When applying for a Certificate of Appointment of Estate Trustee (also known as probate and hereafter referred to as a “Certificate”), it is necessary to pay estate administration tax on the value of assets passing through the estate. In order to calculate the amount of tax payable, a valuation of the estate’s assets as of the date of death must be performed.
The estate assets are either personal property or real property (i.e. real estate). Personal property includes any property that is not real estate and that is not transferred to anyone on the death of a joint owner by right of survivorship. This can include bank accounts, jewellery, clothing, art, furniture, computer, vehicles and appliances, to name a few. Valuing personal property can be a difficult task for the estate trustee as they often know little about the deceased’s assets.
The process can be even more complicated when there is no will, and therefore, no estate trustee appointed. For example, a bank will readily provide information to a duly appointed estate trustee regarding a deceased’s account. However, if there is no estate trustee, a financial institution may be unwilling to provide any information. At this point, lawyers would have to try to persuade the bank to be forthcoming with the requested information. This adds a lot of time and additional legal fees, although this situation could have been avoided with the proper estate planning.
On the other hand, valuation of real property is only necessary if it was owned solely by the deceased or by the deceased with one or more parties as tenants in common. Usually, the estate trustee would obtain the opinion of a qualified real estate appraiser who must have access to the premises. Alternatively, the estate trustee could obtain a letter of opinion from a real estate broker, agent or sales representative, which usually costs much less than a formal appraisal and does not require access to the structures on the property. In this case, it is often appropriate to obtain two or three letters of opinion and use the average of them as the value. However, if a dispute about the value is foreseeable, such as the case where a friend or relative is buying the property rather than an independent third party, it is more prudent to get a formal appraisal. One should note that the value of the real property relevant for an Application for a Certificate is reduced by the amount outstanding on a mortgage, if one exists.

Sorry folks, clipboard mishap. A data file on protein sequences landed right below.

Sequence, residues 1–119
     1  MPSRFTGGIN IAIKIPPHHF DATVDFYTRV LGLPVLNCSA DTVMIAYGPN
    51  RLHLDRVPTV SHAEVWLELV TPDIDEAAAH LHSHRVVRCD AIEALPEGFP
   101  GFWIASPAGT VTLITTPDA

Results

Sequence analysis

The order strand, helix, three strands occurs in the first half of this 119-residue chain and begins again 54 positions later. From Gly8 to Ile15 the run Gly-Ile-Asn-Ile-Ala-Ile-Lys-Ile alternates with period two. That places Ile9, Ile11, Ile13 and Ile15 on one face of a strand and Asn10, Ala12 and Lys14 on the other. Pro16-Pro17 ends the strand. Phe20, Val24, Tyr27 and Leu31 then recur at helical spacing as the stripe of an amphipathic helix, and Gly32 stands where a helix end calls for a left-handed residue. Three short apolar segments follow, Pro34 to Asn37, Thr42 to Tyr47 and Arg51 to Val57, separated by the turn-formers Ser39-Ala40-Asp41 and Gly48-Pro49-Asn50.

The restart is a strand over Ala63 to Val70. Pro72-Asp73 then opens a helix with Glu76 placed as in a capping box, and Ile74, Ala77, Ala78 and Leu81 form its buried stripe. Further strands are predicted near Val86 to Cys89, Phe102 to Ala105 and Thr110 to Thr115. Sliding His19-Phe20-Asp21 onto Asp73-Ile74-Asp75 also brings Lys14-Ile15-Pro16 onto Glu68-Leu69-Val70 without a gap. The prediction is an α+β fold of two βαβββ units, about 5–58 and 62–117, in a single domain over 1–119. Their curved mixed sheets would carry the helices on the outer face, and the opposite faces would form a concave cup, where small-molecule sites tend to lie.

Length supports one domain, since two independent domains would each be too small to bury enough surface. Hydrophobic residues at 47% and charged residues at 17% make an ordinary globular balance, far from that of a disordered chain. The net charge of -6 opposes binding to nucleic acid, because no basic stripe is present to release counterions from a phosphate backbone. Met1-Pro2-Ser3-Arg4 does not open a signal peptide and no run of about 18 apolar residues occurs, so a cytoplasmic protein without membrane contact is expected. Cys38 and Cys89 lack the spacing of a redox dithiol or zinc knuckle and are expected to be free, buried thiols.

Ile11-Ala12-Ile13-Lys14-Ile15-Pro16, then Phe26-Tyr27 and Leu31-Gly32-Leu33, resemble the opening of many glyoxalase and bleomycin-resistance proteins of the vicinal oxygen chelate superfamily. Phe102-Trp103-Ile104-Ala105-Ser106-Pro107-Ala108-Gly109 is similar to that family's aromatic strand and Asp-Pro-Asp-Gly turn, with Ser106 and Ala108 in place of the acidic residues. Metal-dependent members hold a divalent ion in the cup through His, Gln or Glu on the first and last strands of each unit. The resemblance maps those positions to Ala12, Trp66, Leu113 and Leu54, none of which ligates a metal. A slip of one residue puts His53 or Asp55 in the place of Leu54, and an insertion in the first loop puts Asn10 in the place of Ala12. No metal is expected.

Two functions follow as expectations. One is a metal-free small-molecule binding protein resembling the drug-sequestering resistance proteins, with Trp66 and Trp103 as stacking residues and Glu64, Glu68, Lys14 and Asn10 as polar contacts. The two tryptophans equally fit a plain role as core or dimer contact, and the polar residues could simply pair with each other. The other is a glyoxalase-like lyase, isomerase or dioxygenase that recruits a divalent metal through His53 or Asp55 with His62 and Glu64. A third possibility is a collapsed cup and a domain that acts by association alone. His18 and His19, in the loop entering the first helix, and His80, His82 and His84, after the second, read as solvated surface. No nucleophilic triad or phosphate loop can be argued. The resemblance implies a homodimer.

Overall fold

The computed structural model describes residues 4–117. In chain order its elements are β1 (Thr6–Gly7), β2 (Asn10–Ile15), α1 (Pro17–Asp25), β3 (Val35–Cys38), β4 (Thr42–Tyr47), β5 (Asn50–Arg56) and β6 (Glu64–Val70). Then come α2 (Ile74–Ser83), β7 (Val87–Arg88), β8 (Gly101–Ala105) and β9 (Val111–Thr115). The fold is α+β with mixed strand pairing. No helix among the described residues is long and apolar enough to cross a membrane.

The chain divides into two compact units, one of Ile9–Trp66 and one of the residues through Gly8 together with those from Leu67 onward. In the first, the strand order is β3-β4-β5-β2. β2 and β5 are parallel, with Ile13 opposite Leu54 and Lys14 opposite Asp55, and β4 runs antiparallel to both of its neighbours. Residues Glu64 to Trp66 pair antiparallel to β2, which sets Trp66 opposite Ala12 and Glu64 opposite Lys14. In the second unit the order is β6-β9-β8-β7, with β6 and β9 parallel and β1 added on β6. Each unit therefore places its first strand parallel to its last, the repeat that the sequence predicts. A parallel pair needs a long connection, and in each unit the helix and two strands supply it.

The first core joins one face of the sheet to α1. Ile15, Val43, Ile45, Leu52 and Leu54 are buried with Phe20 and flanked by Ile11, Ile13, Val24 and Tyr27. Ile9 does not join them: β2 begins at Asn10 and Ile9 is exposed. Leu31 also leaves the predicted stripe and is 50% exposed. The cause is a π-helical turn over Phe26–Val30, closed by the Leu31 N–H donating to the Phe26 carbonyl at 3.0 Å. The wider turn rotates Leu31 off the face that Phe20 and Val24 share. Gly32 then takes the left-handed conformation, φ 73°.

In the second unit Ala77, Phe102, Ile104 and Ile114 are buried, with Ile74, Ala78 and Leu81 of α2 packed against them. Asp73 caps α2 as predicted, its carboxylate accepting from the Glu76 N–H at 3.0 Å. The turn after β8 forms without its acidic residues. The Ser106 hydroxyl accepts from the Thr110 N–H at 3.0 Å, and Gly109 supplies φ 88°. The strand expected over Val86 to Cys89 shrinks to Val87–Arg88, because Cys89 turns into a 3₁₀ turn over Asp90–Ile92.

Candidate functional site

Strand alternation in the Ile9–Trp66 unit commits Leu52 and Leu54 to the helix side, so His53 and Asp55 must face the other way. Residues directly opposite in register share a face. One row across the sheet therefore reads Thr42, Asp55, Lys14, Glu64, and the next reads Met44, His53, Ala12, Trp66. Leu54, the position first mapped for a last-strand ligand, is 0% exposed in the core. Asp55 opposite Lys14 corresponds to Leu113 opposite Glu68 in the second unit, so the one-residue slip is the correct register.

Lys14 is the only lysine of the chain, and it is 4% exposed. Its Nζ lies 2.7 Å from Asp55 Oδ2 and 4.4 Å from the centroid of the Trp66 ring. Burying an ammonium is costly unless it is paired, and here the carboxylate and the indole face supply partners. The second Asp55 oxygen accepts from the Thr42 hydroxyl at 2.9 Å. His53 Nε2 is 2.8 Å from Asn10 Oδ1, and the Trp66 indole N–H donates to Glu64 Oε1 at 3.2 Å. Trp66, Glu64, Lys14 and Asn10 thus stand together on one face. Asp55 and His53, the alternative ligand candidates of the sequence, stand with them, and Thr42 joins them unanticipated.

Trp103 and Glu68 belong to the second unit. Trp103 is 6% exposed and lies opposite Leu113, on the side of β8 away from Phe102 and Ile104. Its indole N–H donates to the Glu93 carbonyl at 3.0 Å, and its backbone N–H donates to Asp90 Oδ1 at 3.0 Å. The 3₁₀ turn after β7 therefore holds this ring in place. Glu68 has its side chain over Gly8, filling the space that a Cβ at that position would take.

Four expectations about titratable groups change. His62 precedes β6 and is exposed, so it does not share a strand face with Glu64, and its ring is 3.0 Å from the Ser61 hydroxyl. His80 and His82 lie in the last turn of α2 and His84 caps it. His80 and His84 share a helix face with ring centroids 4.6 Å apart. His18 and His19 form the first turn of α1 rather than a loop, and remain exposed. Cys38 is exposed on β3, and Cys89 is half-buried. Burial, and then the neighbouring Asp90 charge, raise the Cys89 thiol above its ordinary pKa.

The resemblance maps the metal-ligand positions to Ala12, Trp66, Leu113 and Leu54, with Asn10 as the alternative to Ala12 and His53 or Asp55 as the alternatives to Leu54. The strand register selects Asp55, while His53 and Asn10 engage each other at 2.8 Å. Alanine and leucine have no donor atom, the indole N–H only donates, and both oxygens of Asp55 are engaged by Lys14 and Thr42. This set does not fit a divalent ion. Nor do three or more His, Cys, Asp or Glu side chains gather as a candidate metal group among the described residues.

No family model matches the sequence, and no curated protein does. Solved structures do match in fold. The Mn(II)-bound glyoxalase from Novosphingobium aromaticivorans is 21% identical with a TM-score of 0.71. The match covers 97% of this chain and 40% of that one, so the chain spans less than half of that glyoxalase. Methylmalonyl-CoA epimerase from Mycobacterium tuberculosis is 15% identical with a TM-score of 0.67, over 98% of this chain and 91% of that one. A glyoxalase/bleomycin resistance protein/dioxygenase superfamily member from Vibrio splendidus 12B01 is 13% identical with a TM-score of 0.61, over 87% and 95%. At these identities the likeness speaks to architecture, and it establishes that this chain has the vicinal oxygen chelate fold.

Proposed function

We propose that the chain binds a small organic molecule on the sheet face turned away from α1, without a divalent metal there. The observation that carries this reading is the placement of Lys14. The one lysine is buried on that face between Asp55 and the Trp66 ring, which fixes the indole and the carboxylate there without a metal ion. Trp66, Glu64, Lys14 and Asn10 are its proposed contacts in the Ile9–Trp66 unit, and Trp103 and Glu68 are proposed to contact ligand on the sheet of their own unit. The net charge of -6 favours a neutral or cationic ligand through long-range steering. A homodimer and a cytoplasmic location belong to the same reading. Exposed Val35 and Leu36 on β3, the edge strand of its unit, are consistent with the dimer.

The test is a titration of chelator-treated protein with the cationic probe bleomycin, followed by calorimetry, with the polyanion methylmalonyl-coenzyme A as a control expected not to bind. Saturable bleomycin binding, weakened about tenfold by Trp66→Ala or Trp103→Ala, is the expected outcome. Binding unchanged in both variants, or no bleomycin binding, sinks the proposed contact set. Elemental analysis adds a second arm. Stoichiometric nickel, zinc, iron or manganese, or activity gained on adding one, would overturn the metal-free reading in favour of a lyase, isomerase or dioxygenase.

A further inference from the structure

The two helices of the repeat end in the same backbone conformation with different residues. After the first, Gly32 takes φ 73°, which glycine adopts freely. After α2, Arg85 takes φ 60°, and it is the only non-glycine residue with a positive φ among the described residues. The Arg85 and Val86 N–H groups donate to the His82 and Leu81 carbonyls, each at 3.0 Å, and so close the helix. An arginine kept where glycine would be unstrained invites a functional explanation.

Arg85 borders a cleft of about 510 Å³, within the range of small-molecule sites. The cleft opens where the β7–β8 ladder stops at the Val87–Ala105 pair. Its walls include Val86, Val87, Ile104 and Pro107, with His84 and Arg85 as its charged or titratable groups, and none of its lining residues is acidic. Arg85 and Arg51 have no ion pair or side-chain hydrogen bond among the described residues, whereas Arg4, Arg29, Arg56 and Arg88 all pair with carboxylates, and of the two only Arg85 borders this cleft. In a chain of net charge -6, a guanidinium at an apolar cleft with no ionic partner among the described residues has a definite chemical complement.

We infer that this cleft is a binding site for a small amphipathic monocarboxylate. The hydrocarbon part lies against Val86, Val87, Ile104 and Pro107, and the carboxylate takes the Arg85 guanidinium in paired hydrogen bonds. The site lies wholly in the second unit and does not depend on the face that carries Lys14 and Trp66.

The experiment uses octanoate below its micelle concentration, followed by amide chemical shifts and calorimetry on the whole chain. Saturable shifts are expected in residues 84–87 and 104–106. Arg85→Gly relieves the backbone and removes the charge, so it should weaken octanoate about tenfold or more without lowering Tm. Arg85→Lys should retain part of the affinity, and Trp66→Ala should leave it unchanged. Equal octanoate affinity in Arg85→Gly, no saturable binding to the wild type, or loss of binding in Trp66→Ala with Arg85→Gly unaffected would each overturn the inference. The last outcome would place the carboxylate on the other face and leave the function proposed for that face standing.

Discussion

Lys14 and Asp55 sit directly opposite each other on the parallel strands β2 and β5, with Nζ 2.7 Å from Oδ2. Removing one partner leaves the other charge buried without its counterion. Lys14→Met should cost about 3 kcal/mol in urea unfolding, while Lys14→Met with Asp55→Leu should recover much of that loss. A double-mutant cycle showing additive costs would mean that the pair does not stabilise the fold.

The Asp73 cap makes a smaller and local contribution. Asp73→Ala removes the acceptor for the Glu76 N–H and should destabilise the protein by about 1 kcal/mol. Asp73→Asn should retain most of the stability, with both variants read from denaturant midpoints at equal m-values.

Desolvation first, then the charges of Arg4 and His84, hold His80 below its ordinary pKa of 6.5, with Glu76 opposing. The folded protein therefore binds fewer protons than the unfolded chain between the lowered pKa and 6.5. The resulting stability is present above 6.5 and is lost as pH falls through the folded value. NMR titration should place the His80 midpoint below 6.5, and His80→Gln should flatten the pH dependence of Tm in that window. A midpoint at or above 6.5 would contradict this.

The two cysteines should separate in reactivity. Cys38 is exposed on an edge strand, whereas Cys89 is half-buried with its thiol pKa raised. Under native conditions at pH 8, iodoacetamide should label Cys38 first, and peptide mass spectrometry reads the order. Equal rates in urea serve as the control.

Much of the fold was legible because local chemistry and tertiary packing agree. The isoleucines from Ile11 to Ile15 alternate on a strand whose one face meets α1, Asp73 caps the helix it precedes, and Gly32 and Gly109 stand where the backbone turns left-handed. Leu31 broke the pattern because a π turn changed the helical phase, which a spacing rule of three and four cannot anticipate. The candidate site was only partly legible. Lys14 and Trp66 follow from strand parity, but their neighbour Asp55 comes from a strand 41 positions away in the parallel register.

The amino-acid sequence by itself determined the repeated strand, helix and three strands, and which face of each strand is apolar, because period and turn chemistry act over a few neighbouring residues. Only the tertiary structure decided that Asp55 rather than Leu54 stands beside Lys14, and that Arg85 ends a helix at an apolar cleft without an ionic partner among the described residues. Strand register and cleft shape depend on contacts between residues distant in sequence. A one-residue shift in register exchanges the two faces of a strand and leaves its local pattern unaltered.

Assets with special issues for estate administration purposes include business assets, loans payable to the deceased and other debts owed to the deceased, such as a deposit paid to a landlord for the last month’s rent and unpaid wages and benefits from an employer.
If you wish to discuss how the nature and value of your assets should influence your estate plan or have a question about administering an estate, please contact Andrea Kelly.
Andrea Kelly, Lawyer, has extensive experience in wills, trusts, powers of attorney and estate administration matters. She provides clients with a high standard of timely professionalism and expertise, incorporating a very thorough fact finding process. This is quite often enlightening for her clients and facilitates individually tailored services. If you would like to know more, feel free to use the easy contact form or read Andrea’s bio.